Offshore oil and gas drilling rig while completion well on oil

Oil prices could rise to more than $150 a barrel if the conflict in the Middle East escalates, according to the World Bank.

The World Bank came to some significant conclusions regarding the impact of the conflict for the commodity markets. In its new 60-page report the Bank provides a preliminary assessment of the potential near-term implications of the conflict for commodity markets, and it finds that the effects should be limited if the conflict doesn’t widen. 

The report outlines what might happen under three risk scenarios based on historical experience since the 1970s.

Under its worst-case scenario, the World Bank said that comparable to the Arab oil embargo in 1973, the global oil supply would shrink by 6 million to 8 million barrels per day. That would drive prices up by 56% to 75% initially to between $140 and $157 a barrel.

The latest conflict in the Middle East has introduced significant uncertainty into commodity markets that have been coping with the effects of an extraordinary series of shocks in recent years.

Although the global economy is in a much better position than it was in the 1970s to cope with a major oil-price shock, an escalation of the latest conflict in the Middle East, which comes on top of disruptions caused by the Russian invasion of Ukraine, could push global commodity markets into uncharted waters, according to the World Bank’s latest commodity markets outlook.

Under the Bank’s baseline forecast, oil prices are expected to average $90 a barrel in the current quarter, before declining to an average of $81 a barrel next year as global economic growth slows.

Overall commodity prices are projected to fall 4.1% next year. Prices of agricultural commodities are expected to decline next year as supplies rise. Prices of base metals are also projected to drop 5% in 2024. Commodity prices are expected to stabilize in 2025.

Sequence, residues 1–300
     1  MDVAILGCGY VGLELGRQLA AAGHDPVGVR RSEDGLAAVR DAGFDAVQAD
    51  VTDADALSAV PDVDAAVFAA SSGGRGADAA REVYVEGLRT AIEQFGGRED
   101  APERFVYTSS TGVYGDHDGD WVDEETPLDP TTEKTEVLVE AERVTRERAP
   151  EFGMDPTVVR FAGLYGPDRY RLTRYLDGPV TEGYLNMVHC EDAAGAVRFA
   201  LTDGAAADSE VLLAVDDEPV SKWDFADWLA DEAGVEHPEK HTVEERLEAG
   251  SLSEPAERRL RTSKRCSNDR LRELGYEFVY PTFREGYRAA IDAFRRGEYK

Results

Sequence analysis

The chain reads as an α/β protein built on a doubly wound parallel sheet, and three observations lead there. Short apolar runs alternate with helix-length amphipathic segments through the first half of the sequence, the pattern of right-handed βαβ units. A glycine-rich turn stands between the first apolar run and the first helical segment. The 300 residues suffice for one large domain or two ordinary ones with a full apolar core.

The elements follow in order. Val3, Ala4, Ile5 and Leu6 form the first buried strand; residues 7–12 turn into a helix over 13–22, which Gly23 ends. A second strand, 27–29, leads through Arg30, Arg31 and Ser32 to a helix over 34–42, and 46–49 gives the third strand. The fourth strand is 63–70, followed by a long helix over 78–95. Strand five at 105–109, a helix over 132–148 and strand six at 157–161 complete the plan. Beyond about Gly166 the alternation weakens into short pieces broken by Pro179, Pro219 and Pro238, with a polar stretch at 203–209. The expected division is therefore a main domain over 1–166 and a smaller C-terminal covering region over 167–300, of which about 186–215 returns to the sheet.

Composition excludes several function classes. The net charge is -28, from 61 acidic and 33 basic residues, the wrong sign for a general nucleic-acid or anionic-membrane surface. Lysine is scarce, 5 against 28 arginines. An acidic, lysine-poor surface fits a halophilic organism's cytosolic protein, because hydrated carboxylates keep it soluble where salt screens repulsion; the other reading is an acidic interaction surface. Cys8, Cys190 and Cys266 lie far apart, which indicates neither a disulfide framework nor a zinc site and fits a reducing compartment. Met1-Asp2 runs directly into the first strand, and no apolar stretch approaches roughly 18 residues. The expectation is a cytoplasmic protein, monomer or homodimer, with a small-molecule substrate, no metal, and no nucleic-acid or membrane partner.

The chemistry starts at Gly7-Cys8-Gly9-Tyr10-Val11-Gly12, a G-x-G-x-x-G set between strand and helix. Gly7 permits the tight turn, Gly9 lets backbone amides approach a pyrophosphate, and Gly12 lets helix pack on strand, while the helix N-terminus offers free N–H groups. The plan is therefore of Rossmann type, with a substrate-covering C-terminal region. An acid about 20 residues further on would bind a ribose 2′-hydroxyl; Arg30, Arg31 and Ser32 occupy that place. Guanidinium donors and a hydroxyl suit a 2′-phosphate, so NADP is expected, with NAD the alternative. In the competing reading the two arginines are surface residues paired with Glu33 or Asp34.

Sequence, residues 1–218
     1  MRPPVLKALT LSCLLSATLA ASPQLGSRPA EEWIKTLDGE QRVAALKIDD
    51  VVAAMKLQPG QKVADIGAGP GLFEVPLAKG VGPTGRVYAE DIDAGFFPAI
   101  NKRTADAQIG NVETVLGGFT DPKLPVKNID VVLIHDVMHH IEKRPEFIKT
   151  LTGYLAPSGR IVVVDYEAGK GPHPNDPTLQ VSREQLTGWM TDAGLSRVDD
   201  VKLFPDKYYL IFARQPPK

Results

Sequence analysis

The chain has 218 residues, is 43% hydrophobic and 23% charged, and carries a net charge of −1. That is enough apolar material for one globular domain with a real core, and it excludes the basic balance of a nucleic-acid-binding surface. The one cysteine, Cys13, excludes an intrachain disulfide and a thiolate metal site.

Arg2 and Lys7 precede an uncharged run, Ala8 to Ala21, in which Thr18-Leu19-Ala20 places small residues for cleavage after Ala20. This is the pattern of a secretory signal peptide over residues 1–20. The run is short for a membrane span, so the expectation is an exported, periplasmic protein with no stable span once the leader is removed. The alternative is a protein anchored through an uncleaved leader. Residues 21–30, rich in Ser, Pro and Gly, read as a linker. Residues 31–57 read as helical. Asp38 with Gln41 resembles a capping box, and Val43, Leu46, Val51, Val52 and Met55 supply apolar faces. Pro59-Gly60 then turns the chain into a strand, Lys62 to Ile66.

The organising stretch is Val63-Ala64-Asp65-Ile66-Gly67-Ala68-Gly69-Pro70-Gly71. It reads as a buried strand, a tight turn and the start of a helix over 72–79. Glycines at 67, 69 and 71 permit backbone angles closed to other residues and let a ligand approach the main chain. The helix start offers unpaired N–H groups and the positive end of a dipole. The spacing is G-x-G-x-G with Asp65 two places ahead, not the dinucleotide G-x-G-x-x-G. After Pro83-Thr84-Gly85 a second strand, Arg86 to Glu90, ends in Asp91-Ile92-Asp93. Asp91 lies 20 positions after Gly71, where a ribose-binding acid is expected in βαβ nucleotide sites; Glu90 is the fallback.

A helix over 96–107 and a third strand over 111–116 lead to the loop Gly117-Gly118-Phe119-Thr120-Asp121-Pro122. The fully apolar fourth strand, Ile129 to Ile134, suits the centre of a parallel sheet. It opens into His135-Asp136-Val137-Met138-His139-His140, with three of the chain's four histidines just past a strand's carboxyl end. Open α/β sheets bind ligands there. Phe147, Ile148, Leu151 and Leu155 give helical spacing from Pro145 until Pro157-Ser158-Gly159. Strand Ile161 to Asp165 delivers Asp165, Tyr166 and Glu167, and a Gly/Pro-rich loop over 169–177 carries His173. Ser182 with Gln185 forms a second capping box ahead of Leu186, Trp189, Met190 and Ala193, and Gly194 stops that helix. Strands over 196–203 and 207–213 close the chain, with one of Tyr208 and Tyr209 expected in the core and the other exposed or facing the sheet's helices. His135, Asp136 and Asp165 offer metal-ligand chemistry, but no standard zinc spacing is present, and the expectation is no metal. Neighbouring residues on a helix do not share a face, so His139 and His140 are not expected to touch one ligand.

The conflict’s effects on global commodity markets have been limited until now. Overall oil prices have risen about 6% since the start of the conflict. Prices of agricultural commodities, most metals, and other commodities have barely budged.

Ayhan Kose, the World Bank’s deputy chief economist and director of the Prospects Group, said: “Higher oil prices, if sustained, inevitably mean higher food prices. If a severe oil-price shock materializes, it would push up food price inflation that has already been elevated in many developing countries. At the end of 2022, more than 700 million people, nearly a tenth of the global population, were undernourished. An escalation of the latest conflict would intensify food insecurity, not only within the region but also across the world.”

Indermit Gill, the World Bank’s chief economist and senior vice president for development economics, pointed out that “The latest conflict in the Middle East comes on the heels of the biggest shock to commodity markets since the 1970s, Russia’s war with Ukraine. That had disruptive effects on the global economy that persist to this day. Policymakers will need to be vigilant. If the conflict were to escalate, the global economy would face a dual energy shock for the first time in decades, not just from the war in Ukraine but also from the Middle East.”

The fact that the conflict has so far had only modest impacts on commodity prices may reflect the global economy’s improved ability to absorb oil price shocks.

Policymakers nevertheless need to remain alert, the report says. Some commodities, such as gold are flashing a warning about the outlook. Gold prices have risen about 8% since the onset of the conflict. Gold prices have a unique relationship to geopolitical concerns: they rise in periods of conflict and uncertainty often signalling an erosion of investor confidence.

In accordance with the analysis, if the conflict escalates, policymakers in developing countries will need to take steps to manage a potential increase in headline inflation.